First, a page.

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What is User Exits and Customer Exits in SAP ABAB http://bit.ly/2pKypIn
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Introduction to Java Virtual Machine (JVM)http://www.guru99.com/java-virtual-machine-jvm.html
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Enjoy a roller coaster this weekend
It's comforting to know fewer people die from roller coasters than they do just from walking around.
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Further to    post, here is the info on SIPMath from the non-profit probabilitymanagement.org
ProbabilityManagement.Org SIPmath™
probabilitymanagement.org
Projects don’t finish on time and on cost, not from lack of effort, but a systematic flaw in the planning

Why is that?

Project Plans employ many tasks, many factors, but don’t consider the range of outcomes for each task.

Whether it’s a whole project or a single task, “How long will it take?” doesn’t have just one answer. It has a whole bunch of answers, each with its own chance of being right.

To illustrate: let’s look at the chances of getting to work by 9 AM.

Like projects, we may thing of this in terms of 3 steps in sequence.
1. Wake up at 7
2. Leave the house by 8
3. Brave traffic for an hour
4. Arrive at work by 9 AM

1. We guess that we will wake up at 7 AM, because we usually wake up between 6.45 AM and 7.15 AM.

2. For step 2, usually takes us 45 min to 1:15 min to get ready.  We estimate an hour to get ready.

3. Traffic to work is usually 45 min to 1:15 min, so we estimate it will take us an hour to get to work.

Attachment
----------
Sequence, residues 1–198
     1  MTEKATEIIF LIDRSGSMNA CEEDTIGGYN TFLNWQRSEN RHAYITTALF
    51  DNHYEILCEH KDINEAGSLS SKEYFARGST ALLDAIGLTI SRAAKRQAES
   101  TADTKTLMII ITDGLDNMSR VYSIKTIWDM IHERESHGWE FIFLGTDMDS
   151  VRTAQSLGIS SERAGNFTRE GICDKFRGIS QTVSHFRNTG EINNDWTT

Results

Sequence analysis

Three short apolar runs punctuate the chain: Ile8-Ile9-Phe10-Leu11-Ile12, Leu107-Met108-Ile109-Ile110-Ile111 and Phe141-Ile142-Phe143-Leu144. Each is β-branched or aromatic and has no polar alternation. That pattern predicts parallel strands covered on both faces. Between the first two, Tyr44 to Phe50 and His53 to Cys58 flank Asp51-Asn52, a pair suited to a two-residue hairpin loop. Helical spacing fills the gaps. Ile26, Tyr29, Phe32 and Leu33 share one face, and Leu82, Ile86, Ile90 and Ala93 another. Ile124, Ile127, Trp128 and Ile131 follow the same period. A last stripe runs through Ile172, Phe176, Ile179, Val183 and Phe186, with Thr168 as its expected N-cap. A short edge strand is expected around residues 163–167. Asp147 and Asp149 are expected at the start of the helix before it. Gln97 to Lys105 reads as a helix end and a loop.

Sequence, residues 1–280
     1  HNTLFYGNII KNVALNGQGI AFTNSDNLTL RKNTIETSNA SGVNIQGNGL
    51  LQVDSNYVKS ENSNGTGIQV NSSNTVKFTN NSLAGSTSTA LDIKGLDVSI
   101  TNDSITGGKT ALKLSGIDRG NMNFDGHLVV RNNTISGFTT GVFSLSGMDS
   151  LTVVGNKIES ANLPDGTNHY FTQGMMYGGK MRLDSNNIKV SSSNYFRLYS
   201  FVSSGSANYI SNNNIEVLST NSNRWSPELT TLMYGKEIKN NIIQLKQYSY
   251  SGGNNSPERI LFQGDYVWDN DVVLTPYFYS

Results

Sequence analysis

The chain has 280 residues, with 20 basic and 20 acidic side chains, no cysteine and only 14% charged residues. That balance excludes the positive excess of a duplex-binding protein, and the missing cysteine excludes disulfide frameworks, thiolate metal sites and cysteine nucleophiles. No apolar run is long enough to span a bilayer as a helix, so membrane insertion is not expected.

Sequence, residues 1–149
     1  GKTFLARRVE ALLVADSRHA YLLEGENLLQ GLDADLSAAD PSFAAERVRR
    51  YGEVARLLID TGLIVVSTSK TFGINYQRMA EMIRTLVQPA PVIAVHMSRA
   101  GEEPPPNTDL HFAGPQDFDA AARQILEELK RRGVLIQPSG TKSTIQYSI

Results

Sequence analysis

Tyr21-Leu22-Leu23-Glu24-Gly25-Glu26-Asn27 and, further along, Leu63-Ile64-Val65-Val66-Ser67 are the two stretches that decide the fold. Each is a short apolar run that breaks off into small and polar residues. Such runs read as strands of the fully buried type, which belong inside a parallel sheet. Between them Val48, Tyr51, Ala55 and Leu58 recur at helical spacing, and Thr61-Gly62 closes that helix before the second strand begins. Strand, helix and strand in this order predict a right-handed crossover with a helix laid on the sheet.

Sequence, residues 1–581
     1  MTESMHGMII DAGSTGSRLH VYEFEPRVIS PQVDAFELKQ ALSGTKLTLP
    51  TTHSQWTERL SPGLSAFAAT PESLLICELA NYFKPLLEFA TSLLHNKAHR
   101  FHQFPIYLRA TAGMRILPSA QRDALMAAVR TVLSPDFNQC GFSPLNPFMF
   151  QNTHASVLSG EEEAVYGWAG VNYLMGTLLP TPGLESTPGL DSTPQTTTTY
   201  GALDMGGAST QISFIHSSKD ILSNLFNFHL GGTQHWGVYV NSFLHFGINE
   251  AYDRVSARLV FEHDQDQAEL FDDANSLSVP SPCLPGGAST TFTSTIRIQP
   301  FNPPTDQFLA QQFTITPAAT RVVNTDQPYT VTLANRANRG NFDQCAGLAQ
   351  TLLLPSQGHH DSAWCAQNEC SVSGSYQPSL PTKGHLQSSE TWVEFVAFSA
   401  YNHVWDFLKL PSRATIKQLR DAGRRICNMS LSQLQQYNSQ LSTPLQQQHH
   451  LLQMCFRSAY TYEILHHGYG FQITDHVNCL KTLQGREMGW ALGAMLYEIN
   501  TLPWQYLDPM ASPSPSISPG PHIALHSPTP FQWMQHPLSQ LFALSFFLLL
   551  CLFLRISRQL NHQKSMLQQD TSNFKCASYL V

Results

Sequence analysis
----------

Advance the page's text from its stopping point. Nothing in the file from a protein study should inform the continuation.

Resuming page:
The traditional project plan would add each of these steps together to estimate total time “to complete” or get to work.

The project plan would show, we get up at 7 AM, leave the house at 8 AM, brave traffic for an hour, and will get to work, or “complete the project” by 9 AM

This is the CRUX of why projects are often late.

1. The odds of waking up on time is 50% or ½
2. The odds of  leaving the house by 8 is 50% or ½
3. The odds of traffic taking an hour to get to work is 50% or ½

When we incorporate a range of outcomes into the project plan we discover that:

50% * 50% * 50% = 12.5%

In reality, there is only a 12.5% chance we will get to work on time.

Imagine a complex project with hundreds of steps or variables, each with its own range of outcomes and the problem gets more severe.

The fix, is to look at the individual steps and outcomes and optimize the outcome to a certain task date (or cost), or provide a more realistic and defensible timeframe.

At APM, we work with you, to illuminate where your risk is and then help you manage it.